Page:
Packing a Home First Aid Kit

As a medical professional, I cannot state enough just how important it is to have a home first aid kit.

Having a first aid kit in your home is important to handle all those bumps, bruises and scrapes that come with having active kiddos.

Additionally, a properly stocked first aid kit can help manage those pesky illnesses that come into a home.

What to Include in a Home First Aid Kit

A packed home first aid kit

Wound Care:

1. Bandages

I recommend having bandages of various sizes on hand. Especially with children in the house, you won’t ever really have too many bandages.

In our home first aid kit, I have your traditional strip bandages as well as large 3 in bandages, small finger bandages, and knuckle bandages.

I personally recommend all fabric bandages as they have always lasted the longest and produced the least amount of irritation for wearers.

2. Gauze

As an athletic trainer, I am a prude about gauze and I prefer non-woven sheets of gauze BUT truly having any gauze on hand is useful.

I prefer non-woven as it is less likely to stick to a wound as it heals compared to woven gauze but use what works for you.

Gauze is great to have on hand for cleaning and covering wounds. I personally like to have 2″x2″ sheets.

3. Antiseptic

Cleaning cuts and scraps is an inevitable part of motherhood. As former children ourselves, we all know how badly peroxide and alcohol can burn in an open wound. Because of this, I like to keep saline as well as peroxide and alcohol in our home first aid kit.

All three of these antiseptics are great ways to clean a wound and bonus, they are usually quite affordable.

4. First Aid Ointment

Once a wound is cleaned I like to put a small amount of first aid ointment on the bandage to keep it clean. I keep a small tube of triple antibiotic ointment on hand at all times.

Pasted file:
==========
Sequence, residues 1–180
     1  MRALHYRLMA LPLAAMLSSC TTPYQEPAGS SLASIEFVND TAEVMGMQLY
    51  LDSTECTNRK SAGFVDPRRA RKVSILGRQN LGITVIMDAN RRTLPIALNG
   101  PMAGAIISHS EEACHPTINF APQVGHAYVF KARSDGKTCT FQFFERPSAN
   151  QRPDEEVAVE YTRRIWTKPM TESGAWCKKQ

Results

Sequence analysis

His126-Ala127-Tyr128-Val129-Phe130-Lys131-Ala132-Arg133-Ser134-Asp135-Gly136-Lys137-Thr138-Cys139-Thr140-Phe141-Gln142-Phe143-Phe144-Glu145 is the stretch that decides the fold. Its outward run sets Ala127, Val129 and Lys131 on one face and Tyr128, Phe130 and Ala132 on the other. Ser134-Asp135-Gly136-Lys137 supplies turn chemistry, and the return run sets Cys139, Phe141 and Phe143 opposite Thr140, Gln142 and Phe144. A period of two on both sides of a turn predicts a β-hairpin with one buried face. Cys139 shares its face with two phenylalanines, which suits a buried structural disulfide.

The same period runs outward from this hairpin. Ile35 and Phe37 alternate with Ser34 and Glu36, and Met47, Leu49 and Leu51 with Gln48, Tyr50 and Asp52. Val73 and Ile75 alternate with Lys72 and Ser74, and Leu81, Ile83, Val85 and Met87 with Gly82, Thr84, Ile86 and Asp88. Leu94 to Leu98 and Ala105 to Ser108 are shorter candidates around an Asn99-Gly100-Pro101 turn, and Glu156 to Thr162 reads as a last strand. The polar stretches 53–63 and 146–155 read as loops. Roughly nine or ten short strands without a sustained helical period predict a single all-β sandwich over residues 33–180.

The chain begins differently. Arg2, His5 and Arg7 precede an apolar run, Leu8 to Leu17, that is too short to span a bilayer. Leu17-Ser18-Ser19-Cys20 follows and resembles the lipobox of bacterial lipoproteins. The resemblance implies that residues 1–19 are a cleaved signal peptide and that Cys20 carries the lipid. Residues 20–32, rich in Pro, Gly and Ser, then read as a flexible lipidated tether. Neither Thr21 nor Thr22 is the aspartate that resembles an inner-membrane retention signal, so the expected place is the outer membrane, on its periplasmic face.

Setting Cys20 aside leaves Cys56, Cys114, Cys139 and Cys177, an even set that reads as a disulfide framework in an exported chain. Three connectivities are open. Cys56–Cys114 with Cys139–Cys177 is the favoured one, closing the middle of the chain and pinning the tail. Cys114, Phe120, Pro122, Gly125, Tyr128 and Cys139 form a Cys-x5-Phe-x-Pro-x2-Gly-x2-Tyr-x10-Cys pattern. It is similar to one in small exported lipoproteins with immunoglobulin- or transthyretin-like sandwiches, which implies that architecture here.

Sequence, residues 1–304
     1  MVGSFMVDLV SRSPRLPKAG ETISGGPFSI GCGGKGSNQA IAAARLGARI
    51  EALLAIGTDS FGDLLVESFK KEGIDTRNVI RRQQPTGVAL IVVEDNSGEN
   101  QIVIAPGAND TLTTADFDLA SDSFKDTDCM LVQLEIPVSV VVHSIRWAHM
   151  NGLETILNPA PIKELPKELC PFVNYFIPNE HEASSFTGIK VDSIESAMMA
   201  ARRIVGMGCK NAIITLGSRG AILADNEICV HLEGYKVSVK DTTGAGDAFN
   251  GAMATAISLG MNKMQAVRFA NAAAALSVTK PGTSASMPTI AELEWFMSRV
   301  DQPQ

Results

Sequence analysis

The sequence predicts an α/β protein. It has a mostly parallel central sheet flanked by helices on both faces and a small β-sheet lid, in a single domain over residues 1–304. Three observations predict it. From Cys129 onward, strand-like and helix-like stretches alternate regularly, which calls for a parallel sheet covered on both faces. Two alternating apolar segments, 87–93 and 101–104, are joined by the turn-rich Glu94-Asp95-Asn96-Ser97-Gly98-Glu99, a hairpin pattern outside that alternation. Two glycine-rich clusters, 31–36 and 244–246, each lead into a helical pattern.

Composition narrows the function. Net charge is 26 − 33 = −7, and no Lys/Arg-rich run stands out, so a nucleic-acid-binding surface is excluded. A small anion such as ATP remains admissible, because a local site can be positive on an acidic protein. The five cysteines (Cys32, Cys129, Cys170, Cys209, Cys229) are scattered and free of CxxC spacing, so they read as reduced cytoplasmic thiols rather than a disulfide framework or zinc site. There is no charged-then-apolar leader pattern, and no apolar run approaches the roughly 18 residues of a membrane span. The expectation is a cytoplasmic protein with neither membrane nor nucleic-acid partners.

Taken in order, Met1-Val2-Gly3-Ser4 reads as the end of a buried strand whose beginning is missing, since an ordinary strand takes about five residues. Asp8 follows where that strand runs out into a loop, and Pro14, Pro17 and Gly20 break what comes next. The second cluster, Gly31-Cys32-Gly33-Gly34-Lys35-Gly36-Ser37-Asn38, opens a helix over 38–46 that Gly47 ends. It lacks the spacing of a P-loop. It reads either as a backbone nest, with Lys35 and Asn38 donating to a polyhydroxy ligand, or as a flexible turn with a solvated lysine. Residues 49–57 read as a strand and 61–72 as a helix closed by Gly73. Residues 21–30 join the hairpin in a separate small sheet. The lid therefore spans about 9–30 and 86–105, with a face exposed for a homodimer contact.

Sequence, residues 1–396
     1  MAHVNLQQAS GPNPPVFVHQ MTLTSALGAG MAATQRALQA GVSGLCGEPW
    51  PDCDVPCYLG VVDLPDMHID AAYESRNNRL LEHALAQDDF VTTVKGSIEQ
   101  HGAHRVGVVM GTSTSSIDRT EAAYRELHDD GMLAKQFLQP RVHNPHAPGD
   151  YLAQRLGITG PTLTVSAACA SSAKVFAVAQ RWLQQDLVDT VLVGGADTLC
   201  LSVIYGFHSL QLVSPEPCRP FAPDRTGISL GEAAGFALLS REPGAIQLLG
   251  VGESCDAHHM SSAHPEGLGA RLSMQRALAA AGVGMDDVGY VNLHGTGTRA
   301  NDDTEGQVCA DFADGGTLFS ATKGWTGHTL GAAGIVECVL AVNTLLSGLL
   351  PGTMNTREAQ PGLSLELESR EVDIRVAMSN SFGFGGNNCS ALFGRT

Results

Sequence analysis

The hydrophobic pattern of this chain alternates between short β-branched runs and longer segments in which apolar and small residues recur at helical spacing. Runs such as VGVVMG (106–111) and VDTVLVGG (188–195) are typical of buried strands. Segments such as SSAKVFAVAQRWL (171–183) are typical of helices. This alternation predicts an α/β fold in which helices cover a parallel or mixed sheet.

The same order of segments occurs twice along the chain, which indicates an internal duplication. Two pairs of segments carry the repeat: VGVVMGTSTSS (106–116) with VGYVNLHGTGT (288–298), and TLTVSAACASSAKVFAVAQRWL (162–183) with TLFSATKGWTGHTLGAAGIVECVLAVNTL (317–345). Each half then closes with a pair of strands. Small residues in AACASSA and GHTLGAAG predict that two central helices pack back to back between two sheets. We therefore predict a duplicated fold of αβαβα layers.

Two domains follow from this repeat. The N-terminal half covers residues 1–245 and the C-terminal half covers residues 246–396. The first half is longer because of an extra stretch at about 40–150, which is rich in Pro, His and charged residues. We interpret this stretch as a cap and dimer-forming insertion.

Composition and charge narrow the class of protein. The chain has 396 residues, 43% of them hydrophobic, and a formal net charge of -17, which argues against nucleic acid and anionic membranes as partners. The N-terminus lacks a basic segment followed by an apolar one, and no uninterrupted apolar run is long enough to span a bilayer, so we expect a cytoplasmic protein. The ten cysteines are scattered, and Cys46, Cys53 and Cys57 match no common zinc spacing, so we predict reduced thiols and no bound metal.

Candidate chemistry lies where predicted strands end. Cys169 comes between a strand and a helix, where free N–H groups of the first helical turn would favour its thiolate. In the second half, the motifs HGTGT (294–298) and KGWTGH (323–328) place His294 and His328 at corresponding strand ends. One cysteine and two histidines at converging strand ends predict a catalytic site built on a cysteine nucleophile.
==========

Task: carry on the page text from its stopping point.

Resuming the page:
4. Protective Gear

Kids (and sometimes husbands) are not the best at keeping things protected when out and about. In an effort to help our kit includes water-proof finger covers and tape.

5. Tape

As I mentioned above I have a water-proof tape I keep on hand to help keep things covered. As an athletic trainer, I also keep various sizes of other rolls of linen and stretchy tapes on hand to cover wounds. Most of my tape has to be purchased from a medical supplier but sporting good stores also sell smaller packs as well.

Having tape on hand is really up to you and what your kiddos are likely to need.

6. Steri-strips

There are times when a wound needs more than a simple bandage. I like to keep sterile steri-strips in our home first aid kit for wounds that need help closing.

Important note: I am trained in the management of particular medical conditions, emergency care, and wound care. Please do not attempt to self-treat if you are not educated to do so. Always seek the care of a trained medical professional for serious conditions.

Illness Care:

a full stocked home first aid kit

1. Nasal Saline

I like having children’s nasal saline on hand for those nights when they get all snotty. The saline is helpful when they are having trouble sleeping due to congestion.